Social software as monolithic web destinations is going to go away over the next 5 years (with the exception of course of certain photo sharing sites). Right now tools like MySpace are structured around the very adolescent desire to make friendship and community a public and performative act, with everyone else piling on due to the network effect. Adults for the most part, don’t need, don’t want, and don’t have time to participate in the continuos and elaborate preening rituals. We’ll want tools that allow us to build tight knit groups, with low cost communication, asynchronous connection, and social discovery. They might look something like Twitter.

Netflix Friends, Privacy, and the Network

January 10th, 2005

One of the things I’ve always kind of liked about Netflix is the curtain of privacy it tosses around your viewing habits. It isn’t like you can rent porn on Netflix, but still you are alone with your tastes and indiscretions. Netflix is in a position to collect incredibly accurate information about viewing habits, because both renting and rating are done in private. Netflix Friends changes that dynamic.

With Netflix Friends you can see what your friends are watching and share your favorite movies with them.

Renting and in particular rating are once again performative acts. There is a real value there, and in services like Audioscrobbler, or All Consuming, or 43 Things, and even the undirected social network sites like Orkut or Friendster, and yet …

I mean, I already maintain a blog, do I really want to share what I’m listening to, what I’m reading, what I’m watching, what I’m working on, and who I know? I don’t know. I just know that even though I’m flirting with Netflix Friends, I am very aware of the virtual clinking of coins, as I barter a little more privacy for a little more leveraged access to the network.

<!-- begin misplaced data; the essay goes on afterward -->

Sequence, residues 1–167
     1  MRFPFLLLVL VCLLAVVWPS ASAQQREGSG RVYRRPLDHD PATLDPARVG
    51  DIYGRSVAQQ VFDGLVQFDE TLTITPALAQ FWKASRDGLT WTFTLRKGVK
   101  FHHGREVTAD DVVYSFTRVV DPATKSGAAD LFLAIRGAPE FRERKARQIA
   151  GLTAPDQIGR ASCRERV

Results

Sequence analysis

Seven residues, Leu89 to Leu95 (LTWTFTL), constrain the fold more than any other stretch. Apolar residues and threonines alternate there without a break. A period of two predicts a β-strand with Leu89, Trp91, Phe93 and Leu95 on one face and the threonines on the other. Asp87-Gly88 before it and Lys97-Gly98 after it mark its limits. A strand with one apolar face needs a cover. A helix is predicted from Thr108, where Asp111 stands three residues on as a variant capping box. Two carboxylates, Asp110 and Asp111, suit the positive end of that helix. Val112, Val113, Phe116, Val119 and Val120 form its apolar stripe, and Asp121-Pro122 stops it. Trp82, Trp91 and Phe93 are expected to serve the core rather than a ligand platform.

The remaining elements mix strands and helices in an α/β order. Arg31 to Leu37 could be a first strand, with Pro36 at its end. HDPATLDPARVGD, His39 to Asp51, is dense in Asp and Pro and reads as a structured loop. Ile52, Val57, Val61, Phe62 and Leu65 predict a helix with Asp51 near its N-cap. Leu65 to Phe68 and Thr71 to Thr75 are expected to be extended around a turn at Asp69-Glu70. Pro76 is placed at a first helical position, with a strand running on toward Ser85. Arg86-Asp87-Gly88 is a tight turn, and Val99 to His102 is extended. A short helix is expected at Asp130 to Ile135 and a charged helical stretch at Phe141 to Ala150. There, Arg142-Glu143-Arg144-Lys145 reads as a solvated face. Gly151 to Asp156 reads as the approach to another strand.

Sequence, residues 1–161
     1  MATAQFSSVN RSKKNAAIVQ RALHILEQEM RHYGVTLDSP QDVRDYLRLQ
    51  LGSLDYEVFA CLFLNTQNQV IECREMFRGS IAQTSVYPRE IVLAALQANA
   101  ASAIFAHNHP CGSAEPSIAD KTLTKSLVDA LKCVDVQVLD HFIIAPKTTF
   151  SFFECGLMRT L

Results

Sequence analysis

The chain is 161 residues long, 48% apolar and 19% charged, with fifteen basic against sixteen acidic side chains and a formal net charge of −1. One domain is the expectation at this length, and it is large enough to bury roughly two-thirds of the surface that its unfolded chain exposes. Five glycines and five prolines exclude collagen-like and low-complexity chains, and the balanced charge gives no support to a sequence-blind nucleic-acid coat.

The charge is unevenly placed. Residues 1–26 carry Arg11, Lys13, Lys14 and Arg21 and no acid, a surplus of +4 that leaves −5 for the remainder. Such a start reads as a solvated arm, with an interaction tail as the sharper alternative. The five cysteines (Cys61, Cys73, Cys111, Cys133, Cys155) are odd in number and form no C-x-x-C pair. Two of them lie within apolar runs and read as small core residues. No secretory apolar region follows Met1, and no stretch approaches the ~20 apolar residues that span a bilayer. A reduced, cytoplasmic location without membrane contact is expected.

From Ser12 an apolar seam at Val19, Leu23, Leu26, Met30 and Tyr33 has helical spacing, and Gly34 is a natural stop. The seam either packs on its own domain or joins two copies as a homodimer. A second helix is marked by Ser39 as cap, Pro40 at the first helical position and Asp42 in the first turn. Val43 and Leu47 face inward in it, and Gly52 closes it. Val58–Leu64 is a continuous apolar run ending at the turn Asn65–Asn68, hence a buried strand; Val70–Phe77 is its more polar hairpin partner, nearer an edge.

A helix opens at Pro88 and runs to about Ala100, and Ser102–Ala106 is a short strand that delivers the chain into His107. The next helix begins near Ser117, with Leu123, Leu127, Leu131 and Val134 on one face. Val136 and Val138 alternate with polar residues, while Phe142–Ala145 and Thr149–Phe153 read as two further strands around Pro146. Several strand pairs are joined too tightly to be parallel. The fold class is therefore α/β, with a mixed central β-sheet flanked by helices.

(I also predict that Netflix will over the next 6 months see an increasing disconnect between what people rate high, and what they watch, the Masterpiece Theater vs. Jerry Springer syndrome, and an associated degradation in the quality of their data.)

When Nielsen used log-books to gather information on the viewing habits of their sample families, the results were heavily skewed to Masterpiece Theater and Sesame Street. Replacing the journals with set-top boxes that reported what the set was actually tuned to showed what the average American family was really watching: naked midget wrestling, America’s Funniest Botched Cosmetic Surgeries and Jerry Springer presents: “My daughter dresses like a slut!”

update: tom is already experiencing the “social” side of it all.

Two Towers?

January 22nd, 2003

According to Allconsuming, and Google, Golublog is a friend of mine. Not sure who they are, but I like, Thought Expirement.

…the question is all the more pressing in light of the Two Towers, which was basically a three hour long George Lucas smack down.

It is part of a genre of Two Towers bait and switch blog entries (hixie’s Birthday Movie being the other example) that I feel speak to a culture wide lowered expectation that Jackson is upsetting.

Will now stop blogging obsessively, while waiting for client to call. Wireless router is proving dangerous.